This Mahler 2 is very fine indeed. The orchestra are on top
form and the recorded sound is excellent. Most importantly of
all, Jonathan Nott delivers an interpretation that exploits
every dramatic possibility and also suggests some solutions
to the structural problems that dog the work.
This innovative structural thinking is most evident in the first
movement. The problem, and it is a problem that most conductors
ignore, is that the movement is too long and too autonomous
to function as an opener. Nott’s solution is to vary the textures
and tempos, so that only the most intense climaxes are given
full weight. One result is that many passages seem of less consequence,
although never less committed, than in other recordings. The
opening, for example, is very fast. It is cleanly articulated
by the lower strings, but there is no sense of bombast; not
yet anyway. The faster tempi and lower dynamics give the advantage
to the woodwind soloists, who really shine, floating above the
nervous strings with ease. When the great climaxes do come,
in the development and the recapitulation, they are all the
better for the waiting. The brass are really effective in the
louder passages, they have a searing tone which sounds as if
bordering on the uncontrolled, which may or may not be the case,
but certainly adds to the frisson.
The break between the discs is put between the second and third
movements, an unusual move, given that the divide usually comes
between the first and second. Mahler states in the score that
there should be a 5 minute break between the first and second
movements, and putting the switch after the first gives the
listener the opportunity to emulate that practise at home. How
many people actually do that? And does it increase their enjoyment
of the work? No, it is just a clumsy solution to a major structural
problem. Nott has a better idea, and I suspect that he has had
a say in the positioning of the break. Instead of a five minute
pause between the movements, his solution is to play down the
drama of the first movement coda so that it does not overwhelm
the second movement opening. He takes the descending chromatic
scale superfast, but he has already set this up, because the
tempo indication in the score is ‘Tempo 1’, and as he had taken
the start of the movement similarly fast, it coheres elegantly.
The second and third movements are more relaxed than you will
hear on many recordings. The second in particular is slow, gently
flowing, almost pastoral. The SACD sound picks out some wonderful
details here, particularly the low woodwind and the harps. There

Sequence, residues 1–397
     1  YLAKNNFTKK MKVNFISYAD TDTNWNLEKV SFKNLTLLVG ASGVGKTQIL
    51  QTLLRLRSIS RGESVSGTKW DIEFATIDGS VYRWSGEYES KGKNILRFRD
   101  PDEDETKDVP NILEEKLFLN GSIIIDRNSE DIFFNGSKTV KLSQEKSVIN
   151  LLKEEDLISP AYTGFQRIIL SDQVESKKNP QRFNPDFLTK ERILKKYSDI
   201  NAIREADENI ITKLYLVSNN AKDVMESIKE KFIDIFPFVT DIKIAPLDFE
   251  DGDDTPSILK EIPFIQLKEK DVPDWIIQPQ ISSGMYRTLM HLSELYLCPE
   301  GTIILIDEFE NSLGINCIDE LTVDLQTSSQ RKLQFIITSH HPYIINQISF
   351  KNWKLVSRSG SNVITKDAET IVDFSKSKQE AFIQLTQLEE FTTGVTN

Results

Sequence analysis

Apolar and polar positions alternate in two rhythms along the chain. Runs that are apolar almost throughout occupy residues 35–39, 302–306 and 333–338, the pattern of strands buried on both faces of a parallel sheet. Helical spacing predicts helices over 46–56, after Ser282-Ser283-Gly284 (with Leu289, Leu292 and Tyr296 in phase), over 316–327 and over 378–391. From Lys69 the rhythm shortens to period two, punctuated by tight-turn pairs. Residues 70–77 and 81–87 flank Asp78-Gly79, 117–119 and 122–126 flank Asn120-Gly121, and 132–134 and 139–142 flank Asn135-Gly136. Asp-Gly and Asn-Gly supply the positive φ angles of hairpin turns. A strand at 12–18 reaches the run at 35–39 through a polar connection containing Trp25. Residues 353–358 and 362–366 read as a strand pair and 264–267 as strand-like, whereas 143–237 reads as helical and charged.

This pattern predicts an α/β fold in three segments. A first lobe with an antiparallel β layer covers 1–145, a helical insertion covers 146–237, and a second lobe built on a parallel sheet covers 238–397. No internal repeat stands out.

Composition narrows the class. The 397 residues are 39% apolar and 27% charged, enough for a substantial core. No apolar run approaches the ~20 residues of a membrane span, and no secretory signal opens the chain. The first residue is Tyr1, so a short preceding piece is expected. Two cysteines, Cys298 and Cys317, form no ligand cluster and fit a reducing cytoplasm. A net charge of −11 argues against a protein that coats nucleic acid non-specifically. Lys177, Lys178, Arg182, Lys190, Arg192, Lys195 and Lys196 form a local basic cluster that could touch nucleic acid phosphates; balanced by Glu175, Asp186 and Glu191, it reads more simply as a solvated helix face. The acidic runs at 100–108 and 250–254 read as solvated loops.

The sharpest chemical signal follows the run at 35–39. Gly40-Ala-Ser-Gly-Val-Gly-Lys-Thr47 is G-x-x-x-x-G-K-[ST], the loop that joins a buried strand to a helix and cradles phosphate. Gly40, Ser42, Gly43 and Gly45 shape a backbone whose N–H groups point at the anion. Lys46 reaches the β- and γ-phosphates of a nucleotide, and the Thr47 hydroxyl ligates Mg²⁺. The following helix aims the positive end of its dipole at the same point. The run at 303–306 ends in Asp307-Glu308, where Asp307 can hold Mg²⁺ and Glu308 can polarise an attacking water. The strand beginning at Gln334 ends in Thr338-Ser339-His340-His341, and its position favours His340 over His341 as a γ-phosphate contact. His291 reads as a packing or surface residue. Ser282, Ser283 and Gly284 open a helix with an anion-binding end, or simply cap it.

is slightly more drama in the third movement, but as in the
first, it tends to be localised, bringing implicit emphasis
through comparison with the more relaxed passages.
The vocal soloists are both good, although it is a shame that
their timbres don’t match. Lioba Braun has a rich, husky alto,
while Anne Schwanewilms has a much purer, crisper soprano. The
finale is another dramatic tour de force, as with the
first movement, Nott allows plenty of variety in his tempos
and dynamics. I’m particularly impressed by the originality
of the tempo decisions. Much of the movement is quite slow,
but even when Nott pulls the tempos around from one bar to the
next it never feels indulgent. The choral climax, by contrast,
is slightly faster than most other readings, but no less monumental.
Detail is the key to Nott’s art; he knows that if he can get
the internal balance with the orchestra right, and have every
player agree on the articulations and note lengths, then he
will be in a position to concentrate on the bigger picture.
I have been impressed in the past by a number of Nott’s recordings
- have you heard his Ligeti Requiem? Phenomenal! - and he strikes
me as the kind of recording artist for whom superior audio is
a major benefit. Those inside lines in the strings, the subtle
differences of timbre in woodwind duets, gradual dynamic changes
in the harp, all these things are essential to his approach.
Hearing his work presented at this audio quality you can really
see where he is coming from.
It says on the back of the box that this is a live recording.
I’ll take their word for that, but it surprises me, given the
finely tuned balance of the orchestra, not to mention the absolute
absence of audience noise or applause.
Gone are the days when we talked about benchmark recordings
of Mahler symphonies, there are just too many high quality recordings
out there for the idea to remain feasible. But perhaps this
could be described as a benchmark of recent Mahler interpretation.
It is certainly among the best of the many Mahler discs I have
heard this year. On the other hand, it is such a coherent and
self-sufficient interpretation, that comparison with others
seems irrelevant. Very much for all fans of Nott and Mahler
– however many Resurrection Symphonies you already have on your
see also review
by Dan Morgan May RECORDING
OF THE MONTH